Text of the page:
Digiday+ Research: Going into 2022, agencies are still spooked about the Great Resignation

This research is based on unique data collected from our proprietary audience of publisher, agency, brand and tech insiders. It’s available to Digiday+ members. More from the series →

The agency world is riding into 2022 in high spirits, but the Great Resignation — and talent issues in general — still loom as top concerns in the new year, according to Digiday+ research. 

In November, Digiday Research polled agency professionals on a number of topics, including how 2021 went for their businesses and what they thought of their 2022 prospects.

136 agency professionals answered a question about what they expected their top challenge to be in 2022, and a quarter of them chose The Great Resignation from a list, beating out several other choices, including cookie deprecation, the dominance of walled gardens, video measurement and supply chain issues affecting ad spending.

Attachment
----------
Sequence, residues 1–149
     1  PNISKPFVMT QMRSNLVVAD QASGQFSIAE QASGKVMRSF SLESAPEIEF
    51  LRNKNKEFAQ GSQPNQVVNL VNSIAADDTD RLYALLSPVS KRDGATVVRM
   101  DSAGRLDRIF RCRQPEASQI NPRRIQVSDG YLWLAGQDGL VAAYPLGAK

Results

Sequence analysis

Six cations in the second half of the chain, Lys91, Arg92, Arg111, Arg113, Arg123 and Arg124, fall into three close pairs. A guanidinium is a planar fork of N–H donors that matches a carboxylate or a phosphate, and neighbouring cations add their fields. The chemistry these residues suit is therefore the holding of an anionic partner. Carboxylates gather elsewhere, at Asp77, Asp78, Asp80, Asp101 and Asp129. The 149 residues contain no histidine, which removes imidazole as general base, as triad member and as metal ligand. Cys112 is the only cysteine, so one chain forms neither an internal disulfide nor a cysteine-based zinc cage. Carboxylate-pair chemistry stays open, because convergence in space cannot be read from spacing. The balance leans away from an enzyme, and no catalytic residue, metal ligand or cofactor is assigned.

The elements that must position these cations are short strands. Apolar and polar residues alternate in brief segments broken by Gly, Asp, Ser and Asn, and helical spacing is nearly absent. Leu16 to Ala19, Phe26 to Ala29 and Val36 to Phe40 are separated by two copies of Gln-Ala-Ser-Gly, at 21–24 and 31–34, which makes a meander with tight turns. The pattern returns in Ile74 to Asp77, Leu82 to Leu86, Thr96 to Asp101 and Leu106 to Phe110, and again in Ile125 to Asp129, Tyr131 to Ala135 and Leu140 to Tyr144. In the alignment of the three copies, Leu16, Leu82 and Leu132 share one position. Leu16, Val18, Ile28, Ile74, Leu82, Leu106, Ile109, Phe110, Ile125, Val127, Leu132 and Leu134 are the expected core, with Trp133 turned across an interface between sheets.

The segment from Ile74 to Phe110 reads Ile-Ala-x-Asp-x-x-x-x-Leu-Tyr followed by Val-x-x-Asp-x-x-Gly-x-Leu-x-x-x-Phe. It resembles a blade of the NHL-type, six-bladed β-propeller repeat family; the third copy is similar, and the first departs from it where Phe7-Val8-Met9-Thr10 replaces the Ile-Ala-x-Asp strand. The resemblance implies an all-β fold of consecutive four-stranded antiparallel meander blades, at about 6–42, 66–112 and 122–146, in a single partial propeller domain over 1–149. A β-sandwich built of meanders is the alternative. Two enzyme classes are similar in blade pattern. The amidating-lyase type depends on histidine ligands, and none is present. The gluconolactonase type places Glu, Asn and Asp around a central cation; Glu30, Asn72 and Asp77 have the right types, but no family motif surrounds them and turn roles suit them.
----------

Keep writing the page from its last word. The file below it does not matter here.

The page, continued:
Anecdotally, the issue of finding, keeping and retaining top talent remains as top of mind as ever for agencies. 18 of the survey’s respondents chose to write in a response rather than select from the provided options, and about a quarter of those written responses focused on talent-related issues.

Like publishers, agencies largely enjoyed a strong 2021, thanks to robust ad spending and a relative lack of disruptions compared to 2020, when virtually the entire advertising industry screeched to a halt in the second quarter.

That return to growth, along with the ends of many hiring freezes that agencies implemented in 2020 amid that year’s broader uncertainty, created a “war for talent” that may have emboldened more agency staffers to leave their current positions.

But good business did not protect agencies from some of the broader trends that swept across the entire working world. Through November 2021, an average of 3.9 million workers quit their jobs every month, according to data from the Bureau of Labor Statistics, smashing the previous record.

38% of respondents said that their agencies lost someone to the Great Resignation in 2021, and slightly less than a third said they expect their agency will lose people to the macroeconomic trend in 2022. 


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